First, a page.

EARNING YOUR CHILD’S RESPECT

Perhaps you have been at a work place where your boss says something to this effect to the employees: “The firing will continue until morale/production improves.”

It is easy to understand how absurd this statement is. It is a bit harder to understand what’s wrong when a parent screams at their child: “Why don’t you respect me?!”

Research has shown that children, like adults, respect those who respect them. Even when a disciplinary measure is necessary, it can also be done with respect. Saying to the child respectfully, “This is the disciplinary measure that I have to take for your benefit,” or, “This is a consequence of your action.” There is no need to humiliate the child or speak down to them because they have done something wrong.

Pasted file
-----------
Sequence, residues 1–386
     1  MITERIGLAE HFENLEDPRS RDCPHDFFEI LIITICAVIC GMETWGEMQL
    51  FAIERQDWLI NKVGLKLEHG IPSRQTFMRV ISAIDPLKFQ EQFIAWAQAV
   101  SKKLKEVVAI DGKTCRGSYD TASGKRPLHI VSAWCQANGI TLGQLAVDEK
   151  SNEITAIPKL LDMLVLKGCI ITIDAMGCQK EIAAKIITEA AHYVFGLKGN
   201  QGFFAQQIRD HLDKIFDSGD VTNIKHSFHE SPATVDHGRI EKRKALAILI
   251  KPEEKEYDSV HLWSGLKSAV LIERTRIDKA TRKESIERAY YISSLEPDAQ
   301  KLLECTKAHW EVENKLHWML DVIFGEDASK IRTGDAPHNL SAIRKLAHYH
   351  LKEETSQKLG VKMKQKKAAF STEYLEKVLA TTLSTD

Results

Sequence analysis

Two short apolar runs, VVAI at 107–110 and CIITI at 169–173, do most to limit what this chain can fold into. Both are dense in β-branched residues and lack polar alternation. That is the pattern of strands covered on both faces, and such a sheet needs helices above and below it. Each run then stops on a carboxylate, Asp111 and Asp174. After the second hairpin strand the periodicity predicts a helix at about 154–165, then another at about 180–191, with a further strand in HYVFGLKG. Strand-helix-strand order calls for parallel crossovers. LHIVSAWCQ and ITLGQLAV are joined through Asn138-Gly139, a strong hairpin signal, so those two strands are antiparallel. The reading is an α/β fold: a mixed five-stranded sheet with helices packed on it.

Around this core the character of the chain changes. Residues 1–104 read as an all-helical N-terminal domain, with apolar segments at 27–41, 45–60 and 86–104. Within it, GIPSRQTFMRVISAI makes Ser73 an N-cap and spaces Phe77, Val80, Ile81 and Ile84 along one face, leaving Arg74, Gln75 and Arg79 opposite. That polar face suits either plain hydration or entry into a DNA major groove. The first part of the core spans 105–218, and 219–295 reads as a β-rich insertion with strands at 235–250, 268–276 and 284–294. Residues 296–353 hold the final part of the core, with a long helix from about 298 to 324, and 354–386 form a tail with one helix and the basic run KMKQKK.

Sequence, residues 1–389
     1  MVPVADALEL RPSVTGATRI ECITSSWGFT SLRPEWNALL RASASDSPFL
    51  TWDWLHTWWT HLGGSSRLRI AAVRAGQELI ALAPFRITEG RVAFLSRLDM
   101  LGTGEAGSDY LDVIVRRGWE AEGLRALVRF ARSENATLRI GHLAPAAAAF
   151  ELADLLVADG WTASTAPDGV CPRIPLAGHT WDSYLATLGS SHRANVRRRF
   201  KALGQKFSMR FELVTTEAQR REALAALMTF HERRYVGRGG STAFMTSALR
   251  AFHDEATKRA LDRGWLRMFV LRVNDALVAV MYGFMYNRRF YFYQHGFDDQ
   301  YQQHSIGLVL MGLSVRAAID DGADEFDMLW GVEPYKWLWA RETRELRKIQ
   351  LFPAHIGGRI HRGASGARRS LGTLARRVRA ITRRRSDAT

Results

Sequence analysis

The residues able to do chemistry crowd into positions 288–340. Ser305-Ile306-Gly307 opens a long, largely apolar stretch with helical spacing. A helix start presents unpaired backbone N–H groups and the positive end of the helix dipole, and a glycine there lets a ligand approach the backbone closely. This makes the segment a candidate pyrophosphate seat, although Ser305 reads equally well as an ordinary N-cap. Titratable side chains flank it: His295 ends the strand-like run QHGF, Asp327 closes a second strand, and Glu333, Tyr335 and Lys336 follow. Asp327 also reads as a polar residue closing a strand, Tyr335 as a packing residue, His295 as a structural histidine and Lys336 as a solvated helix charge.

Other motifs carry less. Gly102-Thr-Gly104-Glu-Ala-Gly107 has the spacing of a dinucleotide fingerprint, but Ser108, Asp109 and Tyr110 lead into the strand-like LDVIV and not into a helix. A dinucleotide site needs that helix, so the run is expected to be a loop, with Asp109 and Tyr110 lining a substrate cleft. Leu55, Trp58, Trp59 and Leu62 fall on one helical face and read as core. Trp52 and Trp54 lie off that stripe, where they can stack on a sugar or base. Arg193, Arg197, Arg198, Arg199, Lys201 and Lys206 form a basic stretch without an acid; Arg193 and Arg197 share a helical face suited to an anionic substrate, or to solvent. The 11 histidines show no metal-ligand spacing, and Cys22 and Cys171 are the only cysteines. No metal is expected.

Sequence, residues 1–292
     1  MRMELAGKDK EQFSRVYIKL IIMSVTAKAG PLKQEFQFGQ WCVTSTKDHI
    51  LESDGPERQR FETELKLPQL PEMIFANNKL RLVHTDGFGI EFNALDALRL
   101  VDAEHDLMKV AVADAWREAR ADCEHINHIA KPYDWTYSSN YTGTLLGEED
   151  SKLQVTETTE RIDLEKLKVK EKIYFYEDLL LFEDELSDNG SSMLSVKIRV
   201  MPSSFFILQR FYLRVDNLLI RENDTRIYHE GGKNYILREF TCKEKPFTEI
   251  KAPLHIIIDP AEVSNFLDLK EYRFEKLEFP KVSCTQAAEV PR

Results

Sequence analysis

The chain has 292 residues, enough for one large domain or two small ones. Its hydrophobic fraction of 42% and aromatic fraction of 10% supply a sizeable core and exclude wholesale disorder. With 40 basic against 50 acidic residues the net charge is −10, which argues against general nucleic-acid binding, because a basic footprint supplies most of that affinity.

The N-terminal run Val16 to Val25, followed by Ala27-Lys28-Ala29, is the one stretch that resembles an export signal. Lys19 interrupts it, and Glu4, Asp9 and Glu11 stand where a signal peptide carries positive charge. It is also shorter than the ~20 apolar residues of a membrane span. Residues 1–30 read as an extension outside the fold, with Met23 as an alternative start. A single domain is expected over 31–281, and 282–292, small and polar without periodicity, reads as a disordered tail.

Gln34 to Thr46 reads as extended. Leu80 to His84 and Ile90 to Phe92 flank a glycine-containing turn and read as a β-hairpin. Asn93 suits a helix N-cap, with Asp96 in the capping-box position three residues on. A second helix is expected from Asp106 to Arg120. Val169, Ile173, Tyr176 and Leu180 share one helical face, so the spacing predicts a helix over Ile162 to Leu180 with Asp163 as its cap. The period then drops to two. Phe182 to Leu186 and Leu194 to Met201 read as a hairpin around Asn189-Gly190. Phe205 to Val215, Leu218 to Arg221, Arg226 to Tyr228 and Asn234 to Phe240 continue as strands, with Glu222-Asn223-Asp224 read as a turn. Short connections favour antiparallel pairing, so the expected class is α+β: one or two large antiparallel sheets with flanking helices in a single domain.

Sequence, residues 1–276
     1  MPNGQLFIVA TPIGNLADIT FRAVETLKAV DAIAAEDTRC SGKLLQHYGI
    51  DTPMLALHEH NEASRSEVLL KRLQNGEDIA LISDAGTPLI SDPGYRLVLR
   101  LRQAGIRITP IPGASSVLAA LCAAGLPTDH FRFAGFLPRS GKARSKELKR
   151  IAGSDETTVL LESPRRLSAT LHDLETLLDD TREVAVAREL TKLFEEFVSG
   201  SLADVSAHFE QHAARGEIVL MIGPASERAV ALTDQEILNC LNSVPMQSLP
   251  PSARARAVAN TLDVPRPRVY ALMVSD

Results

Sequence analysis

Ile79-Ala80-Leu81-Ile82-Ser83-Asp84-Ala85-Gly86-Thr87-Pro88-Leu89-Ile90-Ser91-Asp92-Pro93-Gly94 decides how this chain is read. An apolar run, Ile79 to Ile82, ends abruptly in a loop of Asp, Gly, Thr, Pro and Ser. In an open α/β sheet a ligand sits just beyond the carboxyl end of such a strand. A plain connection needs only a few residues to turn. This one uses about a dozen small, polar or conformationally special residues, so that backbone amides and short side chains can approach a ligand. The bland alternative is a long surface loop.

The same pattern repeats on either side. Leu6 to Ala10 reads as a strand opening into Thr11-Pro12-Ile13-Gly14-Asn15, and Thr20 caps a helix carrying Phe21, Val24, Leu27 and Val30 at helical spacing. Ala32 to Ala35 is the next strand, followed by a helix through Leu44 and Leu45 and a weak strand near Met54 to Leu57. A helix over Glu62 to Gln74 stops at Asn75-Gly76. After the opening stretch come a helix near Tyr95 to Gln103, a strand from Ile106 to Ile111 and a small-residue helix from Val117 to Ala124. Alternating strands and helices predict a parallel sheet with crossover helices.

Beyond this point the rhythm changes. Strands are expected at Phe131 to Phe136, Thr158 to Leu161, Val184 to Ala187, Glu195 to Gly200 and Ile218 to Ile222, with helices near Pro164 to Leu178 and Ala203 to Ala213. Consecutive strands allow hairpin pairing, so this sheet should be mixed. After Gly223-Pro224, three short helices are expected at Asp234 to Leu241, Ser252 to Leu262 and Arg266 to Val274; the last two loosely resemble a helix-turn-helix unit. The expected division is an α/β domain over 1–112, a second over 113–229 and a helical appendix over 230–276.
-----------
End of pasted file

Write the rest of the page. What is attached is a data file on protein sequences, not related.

When you speak to your child with respect consistently, s/he will then learn how to respect others and how to return the respect to the parents. We must always commit to our memories that respect has to be earned — it cannot be demanded. Respect extends itself to all aspects of the child’s life, such as not opening letters addressed to the child or by knocking on the door first before entering their room as well as not eavesdropping on their telephone conversations to friends, etc.

Kids who are well respected have strong self-esteem which helps them to perform well in every sphere of their life. Also, they will understand just what respect looks and feels like, so that they know how to give it.

BY KENNEDY O, BARUKH.